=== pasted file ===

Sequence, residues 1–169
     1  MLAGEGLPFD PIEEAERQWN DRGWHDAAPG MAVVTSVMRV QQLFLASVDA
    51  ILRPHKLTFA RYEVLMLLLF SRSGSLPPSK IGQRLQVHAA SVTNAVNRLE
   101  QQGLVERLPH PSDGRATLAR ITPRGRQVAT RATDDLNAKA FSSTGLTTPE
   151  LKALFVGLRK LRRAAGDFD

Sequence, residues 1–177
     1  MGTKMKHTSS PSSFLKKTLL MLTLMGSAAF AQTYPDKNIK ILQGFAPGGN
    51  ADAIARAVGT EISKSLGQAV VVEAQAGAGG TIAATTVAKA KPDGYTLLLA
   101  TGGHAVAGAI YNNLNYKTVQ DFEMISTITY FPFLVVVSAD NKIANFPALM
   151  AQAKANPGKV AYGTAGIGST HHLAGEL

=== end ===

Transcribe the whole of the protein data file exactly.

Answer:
Sequence, residues 1–169
     1  MLAGEGLPFD PIEEAERQWN DRGWHDAAPG MAVVTSVMRV QQLFLASVDA
    51  ILRPHKLTFA RYEVLMLLLF SRSGSLPPSK IGQRLQVHAA SVTNAVNRLE
   101  QQGLVERLPH PSDGRATLAR ITPRGRQVAT RATDDLNAKA FSSTGLTTPE
   151  LKALFVGLRK LRRAAGDFD

Sequence, residues 1–177
     1  MGTKMKHTSS PSSFLKKTLL MLTLMGSAAF AQTYPDKNIK ILQGFAPGGN
    51  ADAIARAVGT EISKSLGQAV VVEAQAGAGG TIAATTVAKA KPDGYTLLLA
   101  TGGHAVAGAI YNNLNYKTVQ DFEMISTITY FPFLVVVSAD NKIANFPALM
   151  AQAKANPGKV AYGTAGIGST HHLAGEL